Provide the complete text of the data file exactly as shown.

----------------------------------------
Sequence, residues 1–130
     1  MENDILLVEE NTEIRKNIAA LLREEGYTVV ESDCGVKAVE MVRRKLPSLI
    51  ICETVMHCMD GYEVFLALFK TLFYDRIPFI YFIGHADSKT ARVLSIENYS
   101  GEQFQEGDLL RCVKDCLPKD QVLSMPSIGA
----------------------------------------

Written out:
Sequence, residues 1–130
     1  MENDILLVEE NTEIRKNIAA LLREEGYTVV ESDCGVKAVE MVRRKLPSLI
    51  ICETVMHCMD GYEVFLALFK TLFYDRIPFI YFIGHADSKT ARVLSIENYS
   101  GEQFQEGDLL RCVKDCLPKD QVLSMPSIGA